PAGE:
- Associated Press - Wednesday, October 8, 2014

LINCOLN, Neb. (AP) - Nebraska Gov. Dave Heineman criticized lawmakers Wednesday for failing to pass his proposal that would have eliminated automatic “good time” credit for violent prisoners, while a leading senator on the issue said he won’t be pulled into a political spat.

Heineman’s remarks in both a news conference and a rare midweek newspaper column came two days before another legislative hearing in the investigation of Nebraska’s problem-plagued prison system and the case of Nikko Jenkins, who killed four people after being released.

The “good time” law also has become an issue in the tight race between Republican U.S. Rep. Lee Terry of Omaha and his Democratic challenger, state Sen. Brad Ashford. Terry, an eight-term congressman whom Heineman has endorsed, has tried to tag Ashford as soft on crime because he leads the Judiciary Committee which reviewed, and ultimately rejected, the Republican governor’s prisons proposal.

Heineman argued that lawmakers should have passed the measure he requested in January in response to the Jenkins case. Despite violent behavior and signs of mental illness, Jenkins was released in July 2013 and went on a 10-day killing spree in Omaha the following month. Jenkins was convicted of four counts of first-degree murder in April.

Heineman singled out Ashford and state Sen. Steve Lathrop, who leads the special committee tasked with investigating the Department of Correctional Services’ handling of the Jenkins case.

Current law allows inmates to receive one day of credit on their sentences for each day they spend in prison. The governor’s measure would only have allowed prisoners to qualify for “good time” if they participate in treatment programs for anger management, substance abuse, or other problems that require professional help.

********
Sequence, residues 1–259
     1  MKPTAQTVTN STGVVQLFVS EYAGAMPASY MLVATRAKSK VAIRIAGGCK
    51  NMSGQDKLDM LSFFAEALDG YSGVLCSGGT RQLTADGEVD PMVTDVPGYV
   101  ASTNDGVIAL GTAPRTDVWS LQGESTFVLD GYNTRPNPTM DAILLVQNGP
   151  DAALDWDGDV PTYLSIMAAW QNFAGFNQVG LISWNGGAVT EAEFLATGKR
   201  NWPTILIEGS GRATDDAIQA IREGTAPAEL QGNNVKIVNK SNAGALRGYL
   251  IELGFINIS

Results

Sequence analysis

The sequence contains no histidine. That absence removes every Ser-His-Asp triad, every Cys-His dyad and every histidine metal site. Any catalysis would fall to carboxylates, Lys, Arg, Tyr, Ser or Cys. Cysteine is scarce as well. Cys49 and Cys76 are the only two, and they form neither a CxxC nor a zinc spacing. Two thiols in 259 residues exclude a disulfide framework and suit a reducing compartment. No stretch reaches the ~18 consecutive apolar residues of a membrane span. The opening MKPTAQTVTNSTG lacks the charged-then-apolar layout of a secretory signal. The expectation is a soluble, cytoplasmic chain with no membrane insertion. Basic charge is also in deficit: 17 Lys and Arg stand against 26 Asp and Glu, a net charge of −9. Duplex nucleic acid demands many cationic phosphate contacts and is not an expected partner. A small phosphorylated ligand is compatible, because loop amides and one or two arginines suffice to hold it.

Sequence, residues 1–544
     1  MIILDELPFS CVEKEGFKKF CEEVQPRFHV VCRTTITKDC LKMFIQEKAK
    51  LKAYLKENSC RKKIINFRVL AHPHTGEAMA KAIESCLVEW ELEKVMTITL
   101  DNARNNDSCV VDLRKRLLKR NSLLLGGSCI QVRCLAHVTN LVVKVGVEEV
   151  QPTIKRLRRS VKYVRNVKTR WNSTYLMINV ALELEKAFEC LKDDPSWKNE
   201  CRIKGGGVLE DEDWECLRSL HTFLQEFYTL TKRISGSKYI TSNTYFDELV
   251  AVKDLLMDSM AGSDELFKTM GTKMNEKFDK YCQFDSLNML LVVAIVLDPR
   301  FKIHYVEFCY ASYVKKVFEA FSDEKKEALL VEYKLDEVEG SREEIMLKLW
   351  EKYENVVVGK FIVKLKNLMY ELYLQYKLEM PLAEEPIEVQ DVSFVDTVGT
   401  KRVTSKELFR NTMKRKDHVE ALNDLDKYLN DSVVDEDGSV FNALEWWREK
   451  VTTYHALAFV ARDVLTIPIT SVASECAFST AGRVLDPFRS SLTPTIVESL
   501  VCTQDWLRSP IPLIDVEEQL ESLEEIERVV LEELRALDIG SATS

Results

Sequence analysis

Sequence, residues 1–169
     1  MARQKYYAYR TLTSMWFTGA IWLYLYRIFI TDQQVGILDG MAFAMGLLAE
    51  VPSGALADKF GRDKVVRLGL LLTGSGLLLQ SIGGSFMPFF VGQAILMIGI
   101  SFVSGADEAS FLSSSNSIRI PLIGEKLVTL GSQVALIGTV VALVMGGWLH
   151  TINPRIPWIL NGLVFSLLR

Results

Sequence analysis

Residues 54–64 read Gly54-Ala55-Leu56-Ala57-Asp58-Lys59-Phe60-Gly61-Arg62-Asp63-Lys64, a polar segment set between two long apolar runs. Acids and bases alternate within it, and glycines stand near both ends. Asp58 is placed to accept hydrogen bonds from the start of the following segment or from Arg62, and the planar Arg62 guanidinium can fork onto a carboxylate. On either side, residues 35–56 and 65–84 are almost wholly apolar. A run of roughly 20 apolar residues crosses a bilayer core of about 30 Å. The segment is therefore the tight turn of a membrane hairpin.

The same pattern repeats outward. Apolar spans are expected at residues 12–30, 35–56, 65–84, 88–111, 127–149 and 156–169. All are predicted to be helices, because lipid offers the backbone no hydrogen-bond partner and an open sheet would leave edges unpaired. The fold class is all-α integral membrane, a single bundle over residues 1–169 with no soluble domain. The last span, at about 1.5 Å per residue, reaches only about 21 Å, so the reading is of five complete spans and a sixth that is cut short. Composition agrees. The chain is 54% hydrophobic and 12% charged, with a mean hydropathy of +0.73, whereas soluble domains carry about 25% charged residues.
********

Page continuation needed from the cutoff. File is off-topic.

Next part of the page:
“Changing the law from automatic ‘good time’ for criminals to making them earn ‘good time’ is common sense,” Heineman said.

But his measure faced scrutiny during a February hearing before the Legislature’s Judiciary Committee, which Ashford leads and on which Lathrop sits. Lathrop then described the bill as an illusion because many prison treatment programs have long waiting lists. State prisons director Michael Kenney said at that hearing that the bill would allow prisoners to earn “good time” even if they were on the waiting list and not receiving treatment.

Last week, Lathrop blamed the Heineman administration for the state’s prison problems. GOP state chairman J.L. Spray called on Lathrop to resign as the prisons investigation committee head, arguing that he showed bias when criticizing the governor.

After Wednesday’s news conference, Lathrop said in a statement that he remains focused on finding out on what happened in the Jenkins case.

“This is an extremely serious issue and there are families of victims who deserve to know what really happened,” Lathrop said. “I plan to continue my job to find the truth in this matter … and I will not be pulled into any attempt to turn the murders of four innocent people into a political issue, no matter what.”

Ashford campaign manager Kurt Gonska called Heineman’s comments an effort to distract voters. Ashford noted during this year’s legislative session that Heineman previously sought to increase the amount of “good time” given to inmates.

“Brad is not running against the governor, whose own prison officials failed to follow the law and keep the public safe,” Gonska said.

The prisons investigation committee has subpoenaed state prison officials to testify Friday, including Kenney, who was appointed by Heineman.

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